Hanjin ships, cargo and sailors stranded at sea

Vessels, sailors and cargo of bankrupt Hanjin Shipping are now stranded at sea or in port. South Korea’s Ministry of Oceans and Fisheries has convened an emergency response team to mitigate the fallout of the event. Ports are refusing to let Hanjin vessels to dock or unload.

“[It is] a major disaster for the shipping companies and for the companies that own the goods in those containers,” Greg Knowler, maritime and trade analyst with IHS Markit, said.

Alan Murphy, chief executive of shipping analyst SeaIntel Maritime Analysis, told The Loadstar that: “due to the increased cooperation of container carriers, the impact will be felt far beyond Hanjin and its customers, especially by its partners in the CKYHE alliance. But the impact will also ripple through the many vessel sharing agreements in non-alliance trades, as well as through carriers trading slots with Hanjin”.

Containers waiting to be picked up are being held back by the ports as collateral.

Acts of philanthropy on the part of the ports would not help, because Hanjin would worry that, if the ships docked, they might be repossessed by the firm’s creditors. Hanjin owes some $5bn; its fleet is worth an estimated $1.7bn.

Lars Jensen, chief executive of Sea Intelligence Consulting in Copenhagen, said there were some 540,000 containers stranded at sea. This could have implications for Christmas supplies in Europe and the US.

Ships owned by Hanjin itself would most likely have to be sold before anyone would supply the money to get them into a port and cleared. The fact that they would have to be sold “as is”, (at sea, with overdue containers on board) would depress the price of the vessels.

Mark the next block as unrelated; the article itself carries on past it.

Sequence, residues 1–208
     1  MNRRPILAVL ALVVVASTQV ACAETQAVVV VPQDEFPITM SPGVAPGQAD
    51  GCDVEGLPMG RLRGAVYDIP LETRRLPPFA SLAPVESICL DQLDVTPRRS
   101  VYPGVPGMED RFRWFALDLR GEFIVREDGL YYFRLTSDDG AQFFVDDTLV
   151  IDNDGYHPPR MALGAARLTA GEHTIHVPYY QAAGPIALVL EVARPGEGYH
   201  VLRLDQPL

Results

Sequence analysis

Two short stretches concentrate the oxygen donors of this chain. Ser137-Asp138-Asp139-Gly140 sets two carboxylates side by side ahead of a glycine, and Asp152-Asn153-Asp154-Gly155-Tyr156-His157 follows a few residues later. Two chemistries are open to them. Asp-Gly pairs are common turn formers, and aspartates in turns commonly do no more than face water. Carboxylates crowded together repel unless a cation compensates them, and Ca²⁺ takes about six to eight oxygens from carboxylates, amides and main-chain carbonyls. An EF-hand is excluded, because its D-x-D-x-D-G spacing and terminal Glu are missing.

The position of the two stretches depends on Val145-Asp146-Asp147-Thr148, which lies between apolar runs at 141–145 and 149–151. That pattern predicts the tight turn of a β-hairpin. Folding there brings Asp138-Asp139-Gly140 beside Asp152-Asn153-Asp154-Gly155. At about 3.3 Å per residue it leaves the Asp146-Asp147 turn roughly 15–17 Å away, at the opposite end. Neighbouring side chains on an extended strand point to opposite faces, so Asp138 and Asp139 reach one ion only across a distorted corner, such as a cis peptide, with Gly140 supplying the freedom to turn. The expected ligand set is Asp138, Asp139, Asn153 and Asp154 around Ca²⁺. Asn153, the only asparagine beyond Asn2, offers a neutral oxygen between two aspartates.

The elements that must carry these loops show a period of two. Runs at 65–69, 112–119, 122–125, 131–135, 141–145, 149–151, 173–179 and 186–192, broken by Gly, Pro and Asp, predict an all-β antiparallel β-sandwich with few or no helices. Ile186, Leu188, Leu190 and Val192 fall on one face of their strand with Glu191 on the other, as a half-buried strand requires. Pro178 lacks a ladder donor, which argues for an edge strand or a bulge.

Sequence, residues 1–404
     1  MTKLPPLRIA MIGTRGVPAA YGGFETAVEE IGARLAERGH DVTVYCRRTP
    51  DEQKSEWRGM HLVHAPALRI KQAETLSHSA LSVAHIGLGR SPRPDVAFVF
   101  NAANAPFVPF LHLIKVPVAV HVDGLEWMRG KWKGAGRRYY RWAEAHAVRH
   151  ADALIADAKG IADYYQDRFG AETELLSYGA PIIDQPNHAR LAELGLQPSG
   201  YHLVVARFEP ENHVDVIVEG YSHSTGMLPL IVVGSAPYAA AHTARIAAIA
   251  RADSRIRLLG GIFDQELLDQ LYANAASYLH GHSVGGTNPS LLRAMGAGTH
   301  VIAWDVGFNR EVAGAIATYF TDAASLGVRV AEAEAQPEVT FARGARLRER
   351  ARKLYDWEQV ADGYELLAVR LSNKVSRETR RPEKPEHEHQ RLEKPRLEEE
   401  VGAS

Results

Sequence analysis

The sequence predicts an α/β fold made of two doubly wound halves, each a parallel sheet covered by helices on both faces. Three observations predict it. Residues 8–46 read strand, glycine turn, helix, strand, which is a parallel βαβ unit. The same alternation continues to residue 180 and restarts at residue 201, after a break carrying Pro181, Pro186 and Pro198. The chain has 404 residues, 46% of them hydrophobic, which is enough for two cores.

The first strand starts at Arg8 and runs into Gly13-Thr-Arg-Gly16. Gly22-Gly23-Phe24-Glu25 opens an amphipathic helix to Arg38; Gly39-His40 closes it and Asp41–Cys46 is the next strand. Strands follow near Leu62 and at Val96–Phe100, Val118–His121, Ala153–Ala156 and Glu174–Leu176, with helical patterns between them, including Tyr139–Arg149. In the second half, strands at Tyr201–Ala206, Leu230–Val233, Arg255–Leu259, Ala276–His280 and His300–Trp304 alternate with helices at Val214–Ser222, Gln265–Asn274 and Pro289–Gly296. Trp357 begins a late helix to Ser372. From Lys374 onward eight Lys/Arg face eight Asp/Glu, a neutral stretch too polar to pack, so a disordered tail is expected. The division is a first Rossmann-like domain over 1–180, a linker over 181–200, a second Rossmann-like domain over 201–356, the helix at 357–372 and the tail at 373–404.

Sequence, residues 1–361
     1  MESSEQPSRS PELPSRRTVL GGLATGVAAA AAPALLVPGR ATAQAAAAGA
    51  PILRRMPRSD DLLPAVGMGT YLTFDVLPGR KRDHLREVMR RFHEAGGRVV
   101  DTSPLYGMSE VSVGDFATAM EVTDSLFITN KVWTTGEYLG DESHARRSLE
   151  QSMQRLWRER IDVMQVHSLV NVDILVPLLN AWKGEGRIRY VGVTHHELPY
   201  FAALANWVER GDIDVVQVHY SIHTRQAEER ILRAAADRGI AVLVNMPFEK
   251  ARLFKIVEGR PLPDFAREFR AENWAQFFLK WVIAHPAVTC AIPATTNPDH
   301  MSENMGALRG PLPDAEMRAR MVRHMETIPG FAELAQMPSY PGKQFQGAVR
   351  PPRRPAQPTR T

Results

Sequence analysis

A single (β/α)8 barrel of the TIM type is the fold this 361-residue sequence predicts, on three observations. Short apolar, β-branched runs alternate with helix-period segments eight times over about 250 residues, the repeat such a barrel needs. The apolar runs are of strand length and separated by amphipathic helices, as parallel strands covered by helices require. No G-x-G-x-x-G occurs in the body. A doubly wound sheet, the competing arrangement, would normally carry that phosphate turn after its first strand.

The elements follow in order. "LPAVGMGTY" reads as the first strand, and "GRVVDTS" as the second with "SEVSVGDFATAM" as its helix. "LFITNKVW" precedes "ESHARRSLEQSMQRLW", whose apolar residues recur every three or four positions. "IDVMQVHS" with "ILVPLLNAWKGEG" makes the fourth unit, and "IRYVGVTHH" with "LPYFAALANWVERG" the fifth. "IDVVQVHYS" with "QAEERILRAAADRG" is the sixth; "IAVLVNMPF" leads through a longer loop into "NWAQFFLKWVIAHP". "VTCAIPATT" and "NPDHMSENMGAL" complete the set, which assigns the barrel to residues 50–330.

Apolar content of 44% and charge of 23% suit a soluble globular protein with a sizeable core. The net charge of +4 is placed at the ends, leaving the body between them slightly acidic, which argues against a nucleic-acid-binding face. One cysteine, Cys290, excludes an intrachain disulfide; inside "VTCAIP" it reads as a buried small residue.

Sailors on board Hanjin vessels face the prospect of being stuck for weeks at sea, and not being paid. Most are hired by crewing agencies, which are unlikely to get paid by Hanjin, and therefore will not be able to pay the crews.

Here are some known situations for Hanjin’s 63-odd vessels:

Hanjin Scarlet arrived at the port of Prince Rupert, British Columbia, on August 30th and was anchored in the inner harbour. It would normally go directly to the terminal for unloading, but port spokesman Michael Gurney said Hanjin Scarlet had not been handled because of the uncertain situation. The port authority later said that it was working with DP World, which owns the terminal, and CN Rail to find a resolution.

Hanjin Greece and Hanjin Constantza were scheduled to arrive at Los Angeles and Long Beach on August 31st. They are idling off the ports.

Hanjin Montevideo departed Long Beach on August 31st, en route for Japan, but instead was brought to anchor near Long Beach.

Meanwhile, Greek shipowner Danaos Corp said that it was “disappointed” at the turn of events. It currently has eight containerships on charter to Hanjin, representing $560m, or about 20% of its $2.8bn contracted revenue backlog, as of June 30th 2016. Danaos is said to be the shipowner with the greatest exposure to Hanjin, income from which made up 17% of Danaos’ revenue during its fiscal year 2015.

The vessels under charter to Hanjin are the 10,100-teu post-panamax containerships Hanjin Italy, Hanjin Germany and Hanjin Greece; and the 3,400-teu panamaxes Hanjin Constantza, Hanjin Algeciras, Hanjin Buenos Aires, Hanjin Santos and Hanjin Versailles.

Finally. French shipping major CMA CGM has sent a notice of termination to Hanjin Shipping related to each of the company’s services, with immediate effect.

CMA CGM said that Hanjin containers already onboard CMA CGM vessels would be discharged to the final destination, but that the company would no longer load its containers onto Hanjin Shipping’s vessels. All CMA CGM containers currently on Hanjin vessels would be unloaded and transshipped onto vessels of CMA CGM and other partners, the French company said. Hanjin Shipping is a partner of CMA CGM group on 5 out of the its 200 shipping lines.